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Selling mom's house....feeling guilty
JessiJ
Posted: Wednesday, June 22, 2022 4:06 PM
Joined: 11/5/2021
Posts: 7


I moved my mom from NY to SC to live with me in September 2021.  In NY she wrecked her car at 1am which caused this move.  Since living with me she has improved, but has been diagnosed with moderate Alzheimer's.  I decided to sell her home in NY as we haven't been there since I moved her down.  She doesn't want to or know that she is living in SC.  She thinks she is "visiting" or taking a vacation here.  I understand it is better to redirect and not talk about things she can't do.  It is really hard selling her place knowing that she thinks she is going back there.  She asks to be taken home and I always have an excuse as to why we can't go... but it is starting to get harder and harder and she is getting more demanding to go home..  On a positive note, I did get top dollar for the home.  As I am concerned about the overall housing market I was happy I was able to get and offer on the place.  
Just wanted to post this to see if anyone else has gone through something similar.  I feel like maybe I did this too soon, although I don't expect her to live there again.  Was thinking maybe I could take her back to visit friends.  She misses her friends, but then she doesn't remember after friends or family come to visit her.

BassetHoundAnn
Posted: Thursday, June 23, 2022 2:34 AM
Joined: 8/24/2020
Posts: 257


Hi, Jessi. Sadly many of us have gone through what you are, including the feelings of guilt. You have to keep reminding yourself that selling your mom's house and moving her to SC was in her best interest. You're doing what you need to do in order to care for her and protect her. 

And you should get kudos for selling your mom's house as quickly as you did, and in a good real estate market too. Many families hold onto mom or dad's house for years, unable to bring themselves to clean it out or sell it. It's a very tough thing to do. 

I sold my mom's house two years ago, and even though she's in memory care and is in late stage 6, she still demands that I take her back home. Tonight in fact she grew quite upset to remember that I sold her house--something she hasn't remembered in over a year. She kept insisting that she wanted to buy a new house with a basement rec room and built-in bar and what did I do with all her wine glasses? Diverting her wasn't working too well because she kept circling back and growing increasingly upset at the memory that I had sold her house.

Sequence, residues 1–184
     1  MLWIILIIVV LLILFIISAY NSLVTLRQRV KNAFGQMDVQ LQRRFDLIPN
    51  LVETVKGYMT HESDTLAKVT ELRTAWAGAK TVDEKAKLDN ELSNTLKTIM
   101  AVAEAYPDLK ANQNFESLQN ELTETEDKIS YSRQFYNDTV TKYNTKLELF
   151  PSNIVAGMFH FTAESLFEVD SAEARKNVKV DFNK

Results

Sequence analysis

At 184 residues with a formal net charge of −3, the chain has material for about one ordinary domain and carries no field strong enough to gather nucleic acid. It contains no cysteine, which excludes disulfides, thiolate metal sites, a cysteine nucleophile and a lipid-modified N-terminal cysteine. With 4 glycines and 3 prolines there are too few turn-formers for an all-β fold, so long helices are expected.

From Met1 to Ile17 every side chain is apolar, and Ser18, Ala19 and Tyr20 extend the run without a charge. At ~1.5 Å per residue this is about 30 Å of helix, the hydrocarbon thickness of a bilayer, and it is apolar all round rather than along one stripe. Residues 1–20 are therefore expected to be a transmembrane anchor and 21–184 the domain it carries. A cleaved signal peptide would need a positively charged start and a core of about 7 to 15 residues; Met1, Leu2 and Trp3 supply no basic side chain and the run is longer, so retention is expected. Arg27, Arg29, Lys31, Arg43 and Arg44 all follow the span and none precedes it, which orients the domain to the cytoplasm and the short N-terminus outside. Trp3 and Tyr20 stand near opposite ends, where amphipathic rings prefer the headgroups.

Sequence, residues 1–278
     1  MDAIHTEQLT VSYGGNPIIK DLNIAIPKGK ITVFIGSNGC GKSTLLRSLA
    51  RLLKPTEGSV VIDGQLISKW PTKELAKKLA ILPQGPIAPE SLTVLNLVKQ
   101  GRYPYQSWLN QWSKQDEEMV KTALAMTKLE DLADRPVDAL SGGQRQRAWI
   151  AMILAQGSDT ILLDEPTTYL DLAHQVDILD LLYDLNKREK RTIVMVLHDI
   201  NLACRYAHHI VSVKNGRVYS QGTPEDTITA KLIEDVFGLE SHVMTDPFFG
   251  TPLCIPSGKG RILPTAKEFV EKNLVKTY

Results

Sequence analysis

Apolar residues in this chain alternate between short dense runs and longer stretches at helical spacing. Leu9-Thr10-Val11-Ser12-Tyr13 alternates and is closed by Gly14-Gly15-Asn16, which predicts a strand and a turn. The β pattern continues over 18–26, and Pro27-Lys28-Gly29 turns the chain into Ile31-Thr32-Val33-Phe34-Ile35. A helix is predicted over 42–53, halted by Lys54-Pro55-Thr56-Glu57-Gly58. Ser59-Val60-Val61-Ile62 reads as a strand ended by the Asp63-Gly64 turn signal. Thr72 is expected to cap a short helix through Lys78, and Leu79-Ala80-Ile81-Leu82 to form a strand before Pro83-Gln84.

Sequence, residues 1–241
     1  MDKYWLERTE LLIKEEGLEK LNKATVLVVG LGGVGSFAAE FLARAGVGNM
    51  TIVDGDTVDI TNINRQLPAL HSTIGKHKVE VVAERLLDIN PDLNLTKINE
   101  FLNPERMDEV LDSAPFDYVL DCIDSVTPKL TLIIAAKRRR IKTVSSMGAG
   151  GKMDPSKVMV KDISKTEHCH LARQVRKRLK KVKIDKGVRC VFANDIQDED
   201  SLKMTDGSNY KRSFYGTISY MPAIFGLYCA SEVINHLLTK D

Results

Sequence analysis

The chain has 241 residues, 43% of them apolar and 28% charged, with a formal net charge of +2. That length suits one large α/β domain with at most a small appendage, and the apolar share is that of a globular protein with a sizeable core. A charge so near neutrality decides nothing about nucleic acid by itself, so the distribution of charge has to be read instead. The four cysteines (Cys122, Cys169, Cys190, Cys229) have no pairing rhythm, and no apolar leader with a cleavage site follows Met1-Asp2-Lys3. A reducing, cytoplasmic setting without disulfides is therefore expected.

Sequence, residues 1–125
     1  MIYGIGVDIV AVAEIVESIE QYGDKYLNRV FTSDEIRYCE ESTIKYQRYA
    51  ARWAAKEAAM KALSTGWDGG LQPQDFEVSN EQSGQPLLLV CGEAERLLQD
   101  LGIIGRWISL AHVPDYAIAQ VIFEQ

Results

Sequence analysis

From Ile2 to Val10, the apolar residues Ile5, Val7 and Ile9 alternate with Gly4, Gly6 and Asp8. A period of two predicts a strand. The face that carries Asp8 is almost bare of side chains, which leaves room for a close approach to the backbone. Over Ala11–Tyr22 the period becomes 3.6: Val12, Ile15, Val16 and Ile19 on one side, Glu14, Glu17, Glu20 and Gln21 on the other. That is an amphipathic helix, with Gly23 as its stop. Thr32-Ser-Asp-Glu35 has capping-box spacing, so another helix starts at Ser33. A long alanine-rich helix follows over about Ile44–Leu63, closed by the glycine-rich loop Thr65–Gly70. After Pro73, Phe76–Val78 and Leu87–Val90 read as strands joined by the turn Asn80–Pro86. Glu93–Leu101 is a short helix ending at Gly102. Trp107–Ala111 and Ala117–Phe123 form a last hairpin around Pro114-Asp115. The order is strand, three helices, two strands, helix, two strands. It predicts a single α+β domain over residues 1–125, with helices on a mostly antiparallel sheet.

It's hard, it's really hard to dismantle the props of a frail elderly loved one's well-loved, hard-earned life for their own good. Yeah, the guilt is there, but I have to remind myself that she needed the money for healthcare and memory care, and I would have been negligent had I held onto the house. 


harshedbuzz
Posted: Thursday, June 23, 2022 5:56 AM
Joined: 3/6/2017
Posts: 3648


JessiJ-

You'd think it would feel good to be doing right by a parent, but sometimes it just doesn't. As POA, guardian or conservator you have a responsibility to act to protect and manage her assets wisely and have honored that well but still there will be a sadness around going through the motions of dismantling a LO's life. 

It might help to reframe this as something dementia-- not you-- took away from her. Or perhaps as something you do for her rather than to her. 

I didn't feel much around selling mom and dad's primary residence. My mom is still living and she officially made the decision with me doing all the work to prepare it for sale and cull through their things. It was dad's dream house and a testament to his disregard for all opinions but his own. I was fortunate to find an offer although it didn't live up to his fantasy of it's value. I felt much worse selling their little place in Florida because my mom really loved spending the cold winters there but it just wasn't safe anymore. By that point dad thought he was in Florida most of the time, so it didn't matter so much on that front.

HB
May flowers
Posted: Thursday, June 23, 2022 8:01 AM
Joined: 4/9/2021
Posts: 513


When we moved my in-laws near us, we sold their house of 50+ years, it was hard on them as well as their children as it was their childhood home too. In hindsight, it was the best thing - my MIL had undiagnosed cancer and got here in the nick of time for us to care for her, and get things set up for my FIL with dementia.

You’re doing the right thing, IMO, as hard as it is (((Hugs)))

 


Suzzin
Posted: Thursday, June 23, 2022 11:13 AM
Joined: 1/31/2021
Posts: 59


I'm going through this right now. My parents have been in AL for a year, and there is absolutely no way they could go back to the house, even with 24 hour carers. The market is starting to slow here so we made the tough decision to put the house on the market. Now I need to wrap my head around getting rid of clothes they will never wear again (fancy business suits, strappy cocktail shoes, literally 200 pairs of knee high nylons...).
Fairyland
Posted: Thursday, June 23, 2022 11:30 AM
Joined: 5/5/2021
Posts: 137


To be honest, after my experiences the past ~ 18 m and reading on this site, I would go a step further and simply not tell her. Agree that she is just visiting. Yes, she can go back soon.  The right answer is the one that brings the most comfort.

This is because with dementia, wanting to go home is really one of the symptoms they experience, not a decision they are taking-and even PWD who actually ARE  home often demand to - that’s why they elope.